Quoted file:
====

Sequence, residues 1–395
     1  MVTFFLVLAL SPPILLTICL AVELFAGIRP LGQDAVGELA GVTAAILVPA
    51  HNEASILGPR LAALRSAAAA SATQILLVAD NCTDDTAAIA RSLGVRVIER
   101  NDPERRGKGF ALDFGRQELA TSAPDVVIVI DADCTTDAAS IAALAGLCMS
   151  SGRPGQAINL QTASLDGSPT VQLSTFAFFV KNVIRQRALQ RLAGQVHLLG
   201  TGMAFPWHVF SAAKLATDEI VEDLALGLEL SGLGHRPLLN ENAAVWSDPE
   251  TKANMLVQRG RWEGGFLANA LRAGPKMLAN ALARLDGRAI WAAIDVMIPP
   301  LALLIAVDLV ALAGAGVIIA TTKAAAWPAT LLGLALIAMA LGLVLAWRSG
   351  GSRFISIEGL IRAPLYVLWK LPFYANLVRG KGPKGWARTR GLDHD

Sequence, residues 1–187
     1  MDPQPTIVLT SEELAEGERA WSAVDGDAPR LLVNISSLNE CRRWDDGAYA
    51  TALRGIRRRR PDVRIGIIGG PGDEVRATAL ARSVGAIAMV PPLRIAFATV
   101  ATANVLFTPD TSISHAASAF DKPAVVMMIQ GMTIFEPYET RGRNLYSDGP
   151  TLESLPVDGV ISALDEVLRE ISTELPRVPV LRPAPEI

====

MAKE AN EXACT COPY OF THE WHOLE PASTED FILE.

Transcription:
Sequence, residues 1–395
     1  MVTFFLVLAL SPPILLTICL AVELFAGIRP LGQDAVGELA GVTAAILVPA
    51  HNEASILGPR LAALRSAAAA SATQILLVAD NCTDDTAAIA RSLGVRVIER
   101  NDPERRGKGF ALDFGRQELA TSAPDVVIVI DADCTTDAAS IAALAGLCMS
   151  SGRPGQAINL QTASLDGSPT VQLSTFAFFV KNVIRQRALQ RLAGQVHLLG
   201  TGMAFPWHVF SAAKLATDEI VEDLALGLEL SGLGHRPLLN ENAAVWSDPE
   251  TKANMLVQRG RWEGGFLANA LRAGPKMLAN ALARLDGRAI WAAIDVMIPP
   301  LALLIAVDLV ALAGAGVIIA TTKAAAWPAT LLGLALIAMA LGLVLAWRSG
   351  GSRFISIEGL IRAPLYVLWK LPFYANLVRG KGPKGWARTR GLDHD

Sequence, residues 1–187
     1  MDPQPTIVLT SEELAEGERA WSAVDGDAPR LLVNISSLNE CRRWDDGAYA
    51  TALRGIRRRR PDVRIGIIGG PGDEVRATAL ARSVGAIAMV PPLRIAFATV
   101  ATANVLFTPD TSISHAASAF DKPAVVMMIQ GMTIFEPYET RGRNLYSDGP
   151  TLESLPVDGV ISALDEVLRE ISTELPRVPV LRPAPEI